Matlab and SPM based code to extract features of network dynamics from neurophysiological recordings
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Network Dynamics Measures for EEG

Code accompanying Rosch et al (2017): Network dynamics in the healthy and epileptic developing brain. bioRxiv

This repository contains code that can be used to reproduce analyses to identify differences in network dynamics between different resting state EEG patterns. This code was used for the above manuscript to describe abnormalities in network dynamics that characterise two severe epilepsy syndromes of early infancy, Ohtahara syndrome and West syndrome / Infantile Spasms. When running the code, you will need to download and unzip the folder, and define the home-folder in the ee_housekeeping function

Network Dynamics

The code runs on Matlab (tested with 2016b) and requires a number of toolboxes to run:

  • The chaotic systems toolbox - to generate synthetic time series based on an existing fourier spectrum (included in this repo)
  • The k-Wave toolbox - to estimate the sharpness in a two-dimensional image (included in this repo)
  • cbrewer - to provide different colour palettes (included in this repo)
  • textprogressbar - to easily visualise progress during slow computational steps (included in this repo)
  • Statistic Parametric Mapping - For the filtering of EEG signals, this code relies on fieldtrip provided as part of the standard SPM distribution; this can be easily replaced by another filter method of your choice (SPM is not included here)

Custom routines included in this repository

The repository includes a number of different routines to be run manually to illustrate the different analysis steps performed for the manuscript above. Most of these will produce a visual output and are further explained below.

Plot an example EEG segment


For illustration purposes, we are providing a single 10s window of normal EEG from a 6 month-old infant, which can be visualised by running ee_eegplot, which will produce the figure below.

Example EEG

Estimate dynamics matrices using a sliding window approach


Based on such 10s EEG windows, the ee_estimate function will use a sliding window approach to estimate network-correlation dynamics and scalp bandpower distribution dynamics. This example function will use the normal EEG segment provided, and plot the derived correlation-dynamics and power-dynamics matrices for each filter band, this produces the figure at the top of this page.

Visualise the dynamics measures used for analysis


In order to visualise the measures used for further analysis, running ee_visualise_measures will perform the same analysis on a simple selection of synthetically generated matrices that differe in the smoothness of transitions between different regions, and in the amplitude of the difference contained in the matrix. The code will produce the illustrative figure below that is the basis for Fig 3 in the manuscript.

Analyse synthetic EEG time series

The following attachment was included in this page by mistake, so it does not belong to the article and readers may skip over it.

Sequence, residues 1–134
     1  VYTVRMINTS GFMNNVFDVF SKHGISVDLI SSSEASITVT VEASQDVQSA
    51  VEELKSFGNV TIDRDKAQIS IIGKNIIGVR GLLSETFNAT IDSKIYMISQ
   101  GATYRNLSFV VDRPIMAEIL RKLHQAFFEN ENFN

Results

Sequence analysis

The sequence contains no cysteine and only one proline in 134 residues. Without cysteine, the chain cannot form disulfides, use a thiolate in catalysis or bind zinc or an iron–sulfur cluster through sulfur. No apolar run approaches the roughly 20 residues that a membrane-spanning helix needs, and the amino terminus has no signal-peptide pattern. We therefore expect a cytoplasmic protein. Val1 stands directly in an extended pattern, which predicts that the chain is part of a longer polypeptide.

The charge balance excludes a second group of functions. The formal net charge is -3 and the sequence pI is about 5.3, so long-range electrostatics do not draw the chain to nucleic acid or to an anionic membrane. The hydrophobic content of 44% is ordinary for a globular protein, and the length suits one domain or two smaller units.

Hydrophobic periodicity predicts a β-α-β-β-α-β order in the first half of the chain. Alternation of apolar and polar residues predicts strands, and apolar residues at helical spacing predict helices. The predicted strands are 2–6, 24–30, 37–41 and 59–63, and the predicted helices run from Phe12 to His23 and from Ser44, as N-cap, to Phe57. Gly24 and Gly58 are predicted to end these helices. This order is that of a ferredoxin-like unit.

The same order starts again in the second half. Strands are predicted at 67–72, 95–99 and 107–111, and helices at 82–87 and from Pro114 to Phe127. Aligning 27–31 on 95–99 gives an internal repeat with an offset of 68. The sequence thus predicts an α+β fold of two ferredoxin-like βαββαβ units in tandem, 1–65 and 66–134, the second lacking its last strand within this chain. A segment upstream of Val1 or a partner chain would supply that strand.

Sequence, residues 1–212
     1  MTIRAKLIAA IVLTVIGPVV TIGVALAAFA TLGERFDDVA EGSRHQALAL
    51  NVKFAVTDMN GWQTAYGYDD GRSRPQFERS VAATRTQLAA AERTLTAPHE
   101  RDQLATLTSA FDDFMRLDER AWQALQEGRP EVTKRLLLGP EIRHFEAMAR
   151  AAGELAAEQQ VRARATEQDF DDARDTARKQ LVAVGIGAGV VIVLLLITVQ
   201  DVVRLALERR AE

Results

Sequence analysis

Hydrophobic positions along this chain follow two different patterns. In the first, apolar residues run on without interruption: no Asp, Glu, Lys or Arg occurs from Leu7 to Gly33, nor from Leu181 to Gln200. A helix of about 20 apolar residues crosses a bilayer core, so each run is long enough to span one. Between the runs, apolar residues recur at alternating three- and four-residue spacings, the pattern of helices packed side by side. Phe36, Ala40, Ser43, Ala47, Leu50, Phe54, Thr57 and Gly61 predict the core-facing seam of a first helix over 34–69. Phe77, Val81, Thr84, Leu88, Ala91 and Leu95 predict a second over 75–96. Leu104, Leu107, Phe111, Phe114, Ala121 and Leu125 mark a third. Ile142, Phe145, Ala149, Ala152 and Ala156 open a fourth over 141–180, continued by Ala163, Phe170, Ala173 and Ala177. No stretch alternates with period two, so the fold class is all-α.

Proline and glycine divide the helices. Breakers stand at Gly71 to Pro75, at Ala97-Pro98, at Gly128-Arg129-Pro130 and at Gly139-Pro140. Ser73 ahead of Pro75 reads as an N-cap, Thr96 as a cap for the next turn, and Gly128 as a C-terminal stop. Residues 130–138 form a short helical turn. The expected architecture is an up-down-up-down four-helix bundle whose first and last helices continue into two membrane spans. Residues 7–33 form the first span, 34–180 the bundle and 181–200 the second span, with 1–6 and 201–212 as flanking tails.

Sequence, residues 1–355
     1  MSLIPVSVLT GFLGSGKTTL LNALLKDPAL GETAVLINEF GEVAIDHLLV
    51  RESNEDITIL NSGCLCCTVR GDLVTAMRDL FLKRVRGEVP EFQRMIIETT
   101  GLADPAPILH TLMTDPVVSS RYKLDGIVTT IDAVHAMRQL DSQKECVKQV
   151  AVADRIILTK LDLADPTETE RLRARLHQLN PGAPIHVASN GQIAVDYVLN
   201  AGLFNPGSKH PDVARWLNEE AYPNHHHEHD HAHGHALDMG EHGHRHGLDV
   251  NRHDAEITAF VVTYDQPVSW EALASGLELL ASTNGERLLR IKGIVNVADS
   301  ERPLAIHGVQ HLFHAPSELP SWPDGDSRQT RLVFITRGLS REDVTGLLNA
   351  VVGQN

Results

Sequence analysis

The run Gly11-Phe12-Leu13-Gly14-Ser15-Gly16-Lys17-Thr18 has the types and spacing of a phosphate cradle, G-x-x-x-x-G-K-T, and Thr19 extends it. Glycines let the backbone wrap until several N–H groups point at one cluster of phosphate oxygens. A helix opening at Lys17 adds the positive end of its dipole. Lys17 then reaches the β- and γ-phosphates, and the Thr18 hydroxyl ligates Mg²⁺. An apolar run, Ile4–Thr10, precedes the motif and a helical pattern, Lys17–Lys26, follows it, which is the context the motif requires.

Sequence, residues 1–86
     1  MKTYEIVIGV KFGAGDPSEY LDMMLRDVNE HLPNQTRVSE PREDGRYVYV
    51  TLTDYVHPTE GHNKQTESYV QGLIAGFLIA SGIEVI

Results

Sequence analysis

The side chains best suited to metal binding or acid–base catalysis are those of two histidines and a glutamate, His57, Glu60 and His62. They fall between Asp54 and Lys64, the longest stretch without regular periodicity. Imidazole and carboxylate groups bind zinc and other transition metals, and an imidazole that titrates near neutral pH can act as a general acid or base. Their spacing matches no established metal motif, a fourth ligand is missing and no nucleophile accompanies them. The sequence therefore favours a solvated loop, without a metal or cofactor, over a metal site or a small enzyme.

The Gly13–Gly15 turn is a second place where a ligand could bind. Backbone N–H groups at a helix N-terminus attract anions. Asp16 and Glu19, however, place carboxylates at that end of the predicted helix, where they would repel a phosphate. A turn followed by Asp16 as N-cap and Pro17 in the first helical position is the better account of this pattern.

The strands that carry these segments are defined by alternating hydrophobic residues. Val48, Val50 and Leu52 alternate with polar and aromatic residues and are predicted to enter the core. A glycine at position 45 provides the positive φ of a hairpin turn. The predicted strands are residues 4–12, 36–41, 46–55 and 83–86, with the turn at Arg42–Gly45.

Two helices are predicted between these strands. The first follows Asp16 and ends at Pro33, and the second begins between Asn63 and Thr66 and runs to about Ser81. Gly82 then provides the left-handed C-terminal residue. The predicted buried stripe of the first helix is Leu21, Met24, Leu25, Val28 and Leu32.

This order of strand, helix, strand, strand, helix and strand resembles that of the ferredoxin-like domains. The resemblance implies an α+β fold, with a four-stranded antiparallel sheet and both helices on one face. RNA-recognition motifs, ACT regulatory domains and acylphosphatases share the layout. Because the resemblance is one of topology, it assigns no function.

As part of the statistical analysis, we generated surrogate time series with known frequency compositions based on the existing EEG windows. The routine ee_synthgen will generate a few such time series and illustrate the dynamics matrices that are derived from performing the equivalent analysis to that performed in ee_estimate. This will result in the figure shown below, showing example surrogate time series, as well as the dynamics matrices.

Surrogate time series

Reproduce dotplots from Manuscript


This function loads the dynamics measures estimated from our EEG segments and plots them using the ee_dotplot function to reproduce the figures shown in the manuscript as Fig 6.

Optimise thresholds for categorisation based on single measure


This routine will apply a simulated annealing approach (as implemented in Matlab) to optimise categorisation of disease groups (i.e. Ohtahara syndrome, West syndrome, and normal controls) based on single dynamics metrics. The routine will adjust two thresholds that separate groups according to whether the individual measurement lies above, below or between the thresholds. This optimisation is based on a purity measure for the resultant clustering (defined in ee_impurity).

The maximally achieved purity is then used to rank different measures in terms of how well they separate different groups. The routine will produce a 3D scatter plot of the three highest ranking measures, also shown in the manuscript in Fig 8 (although note that the annealing results may yield slightly different measures being included in the top three). The full ranklist from the publication is available as Allstats_cluster_purity.csv in the Analysis folder of this repository.

Perform k-means clustering to evaluate combinations of different measures


This routine will apply a k-means clustering approach to automatically identify clusters in combinations of network dynamics measures, drawn from the Allstats_cluster_purity.csv ranklist derived from the purity ranking above. The resultant clusters are then evaluated for purity, sensitivity (in terms of separating healthy from abnormal EEG patterns), and specificity (again healthy vs abnormal). This is repeated for different numbers of measures included in the clustering (ranging from 1 - 30) and the results are given as the following output figure.

To illustrate the clustering process, we also show a 2D clustering based on the 2 highest ranking variables from the ranklist above. This clustering is not very robust, so will likely appear different with different runs of the same code.

Other custom functions

  • ee_dotplot - custom dotplot function that will also indicate significant results from t-test
  • ee_housekeeping - function to define filepaths and modify path
  • ee_impurity - objective function optimised during the simulated annealing optimisation above